Sherman's interest in newspapers was contrarian to the market and typical of PCM's investment strategy. Sherman has said he ignores a company's earnings and focuses on the discretionary cash flow a company generates. And he tries to think like an owner-entrepreneur as opposed to a passive investor.
Despite that stance, Sherman hasn't developed a reputation as an activist shareholder like Carl Icahn, who is famous for breaking up companies to maximize profits. One exception: PCM pushed Oracle Corp. to up its bid for PeopleSoft.
But Knight Ridder apparently tried Sherman's patience. He and other investors met with the chain's chairman and chief executive, Tony Ridder, on July 19 to express concerns about the lagging stock price. After that meeting, Knight Ridder raised its dividend, cut staff, repurchased 5-million shares and agreed to buy back 10-million more. It also acquired some assets and disposed of others, including the Tallahassee Democrat.
Not enough, Sherman said in his Nov. 1 letter. With ad dollars migrating to other media, Knight Ridder's operating margins "unexceptional" and the chain's lack of a major newspaper that could be leveraged online, the Florida money manager said it was time to pull the plug.
"In light of these and other factors," Sherman wrote, "we view the best interests of the shareholders as being served by the board soliciting competitive bids for the company, either from financial buyers willing to pay fair value or industry participants."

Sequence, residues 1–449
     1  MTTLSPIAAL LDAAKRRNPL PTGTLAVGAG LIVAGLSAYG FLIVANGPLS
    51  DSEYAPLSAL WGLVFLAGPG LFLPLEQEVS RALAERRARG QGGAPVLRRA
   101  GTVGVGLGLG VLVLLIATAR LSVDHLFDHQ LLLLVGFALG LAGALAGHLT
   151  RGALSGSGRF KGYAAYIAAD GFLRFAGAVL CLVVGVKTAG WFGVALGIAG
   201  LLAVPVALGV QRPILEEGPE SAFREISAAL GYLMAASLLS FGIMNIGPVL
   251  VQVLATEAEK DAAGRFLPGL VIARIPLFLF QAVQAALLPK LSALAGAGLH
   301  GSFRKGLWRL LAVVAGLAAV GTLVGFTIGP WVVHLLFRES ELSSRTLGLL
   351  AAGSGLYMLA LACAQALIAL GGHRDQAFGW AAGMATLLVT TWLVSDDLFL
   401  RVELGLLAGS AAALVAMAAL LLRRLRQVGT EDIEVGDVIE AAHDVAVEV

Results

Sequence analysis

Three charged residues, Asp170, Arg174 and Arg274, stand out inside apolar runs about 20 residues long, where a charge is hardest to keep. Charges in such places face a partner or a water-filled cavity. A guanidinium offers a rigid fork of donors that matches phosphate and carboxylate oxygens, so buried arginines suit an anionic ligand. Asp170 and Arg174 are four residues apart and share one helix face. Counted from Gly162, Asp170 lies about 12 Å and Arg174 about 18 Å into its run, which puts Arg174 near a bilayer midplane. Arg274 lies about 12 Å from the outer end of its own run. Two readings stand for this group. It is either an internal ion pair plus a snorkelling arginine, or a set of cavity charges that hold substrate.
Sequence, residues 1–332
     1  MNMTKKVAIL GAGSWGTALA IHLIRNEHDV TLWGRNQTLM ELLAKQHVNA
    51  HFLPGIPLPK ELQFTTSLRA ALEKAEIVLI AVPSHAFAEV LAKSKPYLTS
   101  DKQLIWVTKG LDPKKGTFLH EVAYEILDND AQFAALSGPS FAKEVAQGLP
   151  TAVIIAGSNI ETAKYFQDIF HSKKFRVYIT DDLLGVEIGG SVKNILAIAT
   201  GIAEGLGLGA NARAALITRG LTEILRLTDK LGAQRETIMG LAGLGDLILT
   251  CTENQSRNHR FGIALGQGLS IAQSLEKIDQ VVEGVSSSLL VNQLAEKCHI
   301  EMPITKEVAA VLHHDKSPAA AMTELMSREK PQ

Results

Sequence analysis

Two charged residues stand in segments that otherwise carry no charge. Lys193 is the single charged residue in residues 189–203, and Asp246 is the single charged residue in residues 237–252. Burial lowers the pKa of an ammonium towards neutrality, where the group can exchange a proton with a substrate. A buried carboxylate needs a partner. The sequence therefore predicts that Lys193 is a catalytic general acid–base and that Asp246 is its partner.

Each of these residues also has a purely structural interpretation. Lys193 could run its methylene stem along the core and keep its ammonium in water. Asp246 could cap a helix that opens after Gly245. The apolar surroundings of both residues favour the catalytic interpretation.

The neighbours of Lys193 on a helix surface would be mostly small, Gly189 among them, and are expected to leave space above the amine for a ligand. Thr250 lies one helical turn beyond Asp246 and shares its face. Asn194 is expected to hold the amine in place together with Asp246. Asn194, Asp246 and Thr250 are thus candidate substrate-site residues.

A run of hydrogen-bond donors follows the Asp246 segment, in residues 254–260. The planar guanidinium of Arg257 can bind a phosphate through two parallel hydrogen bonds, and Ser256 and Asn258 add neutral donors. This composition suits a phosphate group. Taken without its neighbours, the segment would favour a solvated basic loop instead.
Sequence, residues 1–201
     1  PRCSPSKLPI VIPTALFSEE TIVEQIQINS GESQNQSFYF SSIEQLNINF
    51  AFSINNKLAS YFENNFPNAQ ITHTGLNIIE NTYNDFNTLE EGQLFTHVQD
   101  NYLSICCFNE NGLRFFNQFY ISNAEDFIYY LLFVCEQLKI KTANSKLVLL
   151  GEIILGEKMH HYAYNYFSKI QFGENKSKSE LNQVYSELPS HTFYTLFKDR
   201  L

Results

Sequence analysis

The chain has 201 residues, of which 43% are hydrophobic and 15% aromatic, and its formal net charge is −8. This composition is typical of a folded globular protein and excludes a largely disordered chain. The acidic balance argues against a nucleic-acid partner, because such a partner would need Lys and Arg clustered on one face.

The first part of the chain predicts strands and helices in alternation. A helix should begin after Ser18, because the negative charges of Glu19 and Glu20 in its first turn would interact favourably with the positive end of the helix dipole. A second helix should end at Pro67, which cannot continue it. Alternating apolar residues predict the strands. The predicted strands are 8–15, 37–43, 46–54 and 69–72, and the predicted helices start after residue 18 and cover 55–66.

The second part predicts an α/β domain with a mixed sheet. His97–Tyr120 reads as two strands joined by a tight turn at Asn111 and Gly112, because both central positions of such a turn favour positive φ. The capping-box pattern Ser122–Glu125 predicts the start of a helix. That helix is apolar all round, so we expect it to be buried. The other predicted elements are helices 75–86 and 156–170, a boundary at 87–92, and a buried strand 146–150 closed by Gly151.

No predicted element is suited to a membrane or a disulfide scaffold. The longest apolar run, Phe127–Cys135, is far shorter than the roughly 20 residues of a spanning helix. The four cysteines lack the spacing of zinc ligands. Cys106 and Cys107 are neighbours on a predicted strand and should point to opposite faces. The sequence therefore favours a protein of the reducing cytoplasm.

If ignored, Sherman said he would work with other shareholders to bring in new managers and directors, acquire a majority of the company's shares or "take other action to maximize shareholder value."
Investors responded positively to Sherman's move, driving Knight Ridder's stock up $1.08 on Wednesday, to close at $59.08. Meanwhile, analysts were not sure who might want to buy the chain.
"While PCM's 19 percent ownership stake, a relatively concentrated shareholder base, little insider ownership and a relatively small market cap could make a forced sale of KRI possible, it is not clear to us that there are a large number of potential bidders," wrote Goldman Sachs analyst Peter Appert. "We don't view this development as the first step in a process of significant industry consolidation."
Merrill Lynch analyst Lauren Rich Fine wrote, "We have some concern that strategic and financial buyers will be reluctant to move forward for the same reasons the sector has suffered in the public market."
Among potential bidders for some or all of Knight Ridder's properties are Gannett, the nation's largest newspaper chain, and Tribune Co., Fine said.
The pressure on Knight Ridder to be sold to the highest bidder was a disappointment but no surprise to Davis "Buzz" Merritt, who worked for the newspaper company for more than 40 years. His book, Knightfall: Knight Ridder and How the Erosion of Newspaper Journalism Is Putting Democracy at Risk, was published in March.
"If this had happened 15 years ago, I would really have been concerned that some communities would lose some truly excellent papers," said Merritt, former editor of the Wichita Eagle. "But in the company's efforts to avoid this sort of thing, Knight Ridder has so degraded the quality of their papers that I'm frankly not sure it matters who owns them anymore."
Times researcher Angie Drobnic Holan contributed to this report, which also used information from wire stories. Kris Hundley can be reached at firstname.lastname@example.org or 727 892-2996.
[Last modified November 3, 2005, 01:06:17]